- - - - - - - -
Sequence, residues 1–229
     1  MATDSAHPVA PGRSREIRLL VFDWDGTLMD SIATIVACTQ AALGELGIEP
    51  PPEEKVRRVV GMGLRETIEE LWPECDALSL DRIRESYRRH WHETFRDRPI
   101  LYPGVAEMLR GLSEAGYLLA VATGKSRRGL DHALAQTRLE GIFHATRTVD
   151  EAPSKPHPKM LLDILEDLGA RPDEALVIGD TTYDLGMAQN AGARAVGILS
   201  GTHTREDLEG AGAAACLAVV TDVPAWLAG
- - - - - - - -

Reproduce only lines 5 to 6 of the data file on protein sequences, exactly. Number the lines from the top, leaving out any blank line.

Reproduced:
   151  EAPSKPHPKM LLDILEDLGA RPDEALVIGD TTYDLGMAQN AGARAVGILS
   201  GTHTREDLEG AGAAACLAVV TDVPAWLAG